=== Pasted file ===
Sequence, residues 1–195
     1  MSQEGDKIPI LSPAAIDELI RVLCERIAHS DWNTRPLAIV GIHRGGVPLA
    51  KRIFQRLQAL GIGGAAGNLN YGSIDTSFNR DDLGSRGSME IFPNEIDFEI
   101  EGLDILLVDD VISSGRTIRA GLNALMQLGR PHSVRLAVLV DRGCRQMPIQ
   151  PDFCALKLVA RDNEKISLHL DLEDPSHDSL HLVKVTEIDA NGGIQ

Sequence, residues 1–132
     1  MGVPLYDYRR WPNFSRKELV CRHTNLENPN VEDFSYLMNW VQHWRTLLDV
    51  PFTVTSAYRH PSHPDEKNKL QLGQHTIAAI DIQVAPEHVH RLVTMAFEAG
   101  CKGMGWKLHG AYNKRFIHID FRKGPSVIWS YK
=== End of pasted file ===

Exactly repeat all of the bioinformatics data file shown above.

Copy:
Sequence, residues 1–195
     1  MSQEGDKIPI LSPAAIDELI RVLCERIAHS DWNTRPLAIV GIHRGGVPLA
    51  KRIFQRLQAL GIGGAAGNLN YGSIDTSFNR DDLGSRGSME IFPNEIDFEI
   101  EGLDILLVDD VISSGRTIRA GLNALMQLGR PHSVRLAVLV DRGCRQMPIQ
   151  PDFCALKLVA RDNEKISLHL DLEDPSHDSL HLVKVTEIDA NGGIQ

Sequence, residues 1–132
     1  MGVPLYDYRR WPNFSRKELV CRHTNLENPN VEDFSYLMNW VQHWRTLLDV
    51  PFTVTSAYRH PSHPDEKNKL QLGQHTIAAI DIQVAPEHVH RLVTMAFEAG
   101  CKGMGWKLHG AYNKRFIHID FRKGPSVIWS YK